02-06-2014, 01:09 PM
Very good point, and I agree. I think either one is not more difficult than the other, it just takes a different plan of attack and a whole lot of planning and discipline. I work from home and I try not to allow disturbances, but at the same time I try not to be too strict with them as well when they do happen. My reason behind it is that it's why I chose to work home in the first place anyway, so I can be more present to my family. My biggest weakness isn't disturbances from other people, anyway. I'm more distracted by my own little hobbies and interests and since I'm at home and am my own boss, it's just way too easy to take longer breaks, so I just keep myself disciplined when it comes to that.

02-06-2014, 05:03 PM
I put off getting a office away from home for a long time just because I liked that "work from home" convenience and not having to pay for office space. But now, I have an office and was able to barter my services, in trade for the office, phone and color copier. It's a great deal. I wish I would have done it sooner.

02-15-2014, 06:29 AM
After initially trying to work from the dining table or out on the terrace on a sunny day, I soon realized that I had to set aside a room in the house to use as my home office. I get distracted easily enough as it is, so having a designated working space is essential for me if I'm going to get the work done without interruptions! We're all different though, and I know many entrepreneurs who like to sit at Starbucks or other cafes with their laptops and work. I just wouldn't be able to concentrate on real work if I had all that noise and movement all around me - even when I worked in a corporate office I insisted on having my own corner, then I managed to wrangle an office with a door I could shut!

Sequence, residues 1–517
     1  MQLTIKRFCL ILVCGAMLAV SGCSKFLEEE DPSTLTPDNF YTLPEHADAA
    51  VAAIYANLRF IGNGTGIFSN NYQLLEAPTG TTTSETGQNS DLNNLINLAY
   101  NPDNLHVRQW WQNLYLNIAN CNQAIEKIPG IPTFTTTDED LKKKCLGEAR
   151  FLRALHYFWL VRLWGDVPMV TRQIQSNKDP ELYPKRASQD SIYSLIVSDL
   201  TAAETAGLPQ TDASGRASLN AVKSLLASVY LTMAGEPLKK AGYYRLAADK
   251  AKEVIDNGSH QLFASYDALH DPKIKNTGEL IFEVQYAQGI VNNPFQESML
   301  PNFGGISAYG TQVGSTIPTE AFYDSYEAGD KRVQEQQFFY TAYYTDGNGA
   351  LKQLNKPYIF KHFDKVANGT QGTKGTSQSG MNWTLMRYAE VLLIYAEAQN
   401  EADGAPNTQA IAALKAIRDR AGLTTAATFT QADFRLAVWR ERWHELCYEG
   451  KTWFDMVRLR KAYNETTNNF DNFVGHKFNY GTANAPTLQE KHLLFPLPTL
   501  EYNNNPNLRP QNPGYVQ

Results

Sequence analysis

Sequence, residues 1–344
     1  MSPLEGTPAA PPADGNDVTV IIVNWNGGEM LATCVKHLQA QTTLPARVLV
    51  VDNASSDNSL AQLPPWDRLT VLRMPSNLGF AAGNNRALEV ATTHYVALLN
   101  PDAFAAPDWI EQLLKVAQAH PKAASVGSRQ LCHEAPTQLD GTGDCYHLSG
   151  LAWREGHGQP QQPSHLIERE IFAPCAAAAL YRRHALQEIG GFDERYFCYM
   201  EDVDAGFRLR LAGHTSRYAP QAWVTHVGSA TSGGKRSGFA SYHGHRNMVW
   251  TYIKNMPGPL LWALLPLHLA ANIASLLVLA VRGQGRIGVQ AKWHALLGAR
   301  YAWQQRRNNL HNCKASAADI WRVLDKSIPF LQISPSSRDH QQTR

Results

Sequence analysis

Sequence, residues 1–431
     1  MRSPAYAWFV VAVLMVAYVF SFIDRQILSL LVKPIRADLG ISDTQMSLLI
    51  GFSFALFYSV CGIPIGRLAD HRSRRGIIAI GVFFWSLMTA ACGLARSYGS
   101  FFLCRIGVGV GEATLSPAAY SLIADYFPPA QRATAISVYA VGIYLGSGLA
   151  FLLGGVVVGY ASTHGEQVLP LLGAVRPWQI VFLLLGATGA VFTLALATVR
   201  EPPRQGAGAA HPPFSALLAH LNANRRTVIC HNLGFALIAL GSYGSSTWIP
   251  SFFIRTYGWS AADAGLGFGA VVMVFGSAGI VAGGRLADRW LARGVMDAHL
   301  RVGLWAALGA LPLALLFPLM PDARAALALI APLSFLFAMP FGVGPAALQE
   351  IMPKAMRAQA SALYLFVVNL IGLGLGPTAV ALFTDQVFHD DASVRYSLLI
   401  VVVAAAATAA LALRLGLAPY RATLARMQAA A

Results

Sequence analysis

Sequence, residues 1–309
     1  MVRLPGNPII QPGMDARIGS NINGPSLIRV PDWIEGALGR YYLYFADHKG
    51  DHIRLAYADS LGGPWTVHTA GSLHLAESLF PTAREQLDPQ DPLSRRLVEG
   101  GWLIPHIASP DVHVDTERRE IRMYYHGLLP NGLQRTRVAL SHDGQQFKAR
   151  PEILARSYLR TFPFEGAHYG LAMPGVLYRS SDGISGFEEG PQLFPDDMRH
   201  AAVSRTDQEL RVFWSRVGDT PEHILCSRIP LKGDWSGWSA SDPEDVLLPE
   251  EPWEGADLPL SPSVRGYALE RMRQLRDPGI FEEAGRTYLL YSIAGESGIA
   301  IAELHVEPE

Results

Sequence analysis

02-26-2014, 10:24 AM
Yes, I agree. You need to have some sort of boundaries in place to be more productive in your home business. But I do think that these boundaries will vary from person to person. There are so many different variables to our lives that it would be impossible to say we all needed the exact same boundaries. For example, I no longer have children in my home. So this is not a concern for me. I do have a husband that does not like to feel ignored, though! :0)

02-26-2014, 02:08 PM
I agree that you definitely have to have boundaries in place if you want to be successful while working at home. It's too easy to slack off on the Internet or get caught up in doing chores or hanging out with your friends and family.

02-26-2014, 04:58 PM
Using a room as an office or work space can help quite a bit. It's especially important with children or roommates in the living space. By isolating yourself from potential distractions, you'll increase productivity.

02-27-2014, 02:17 PM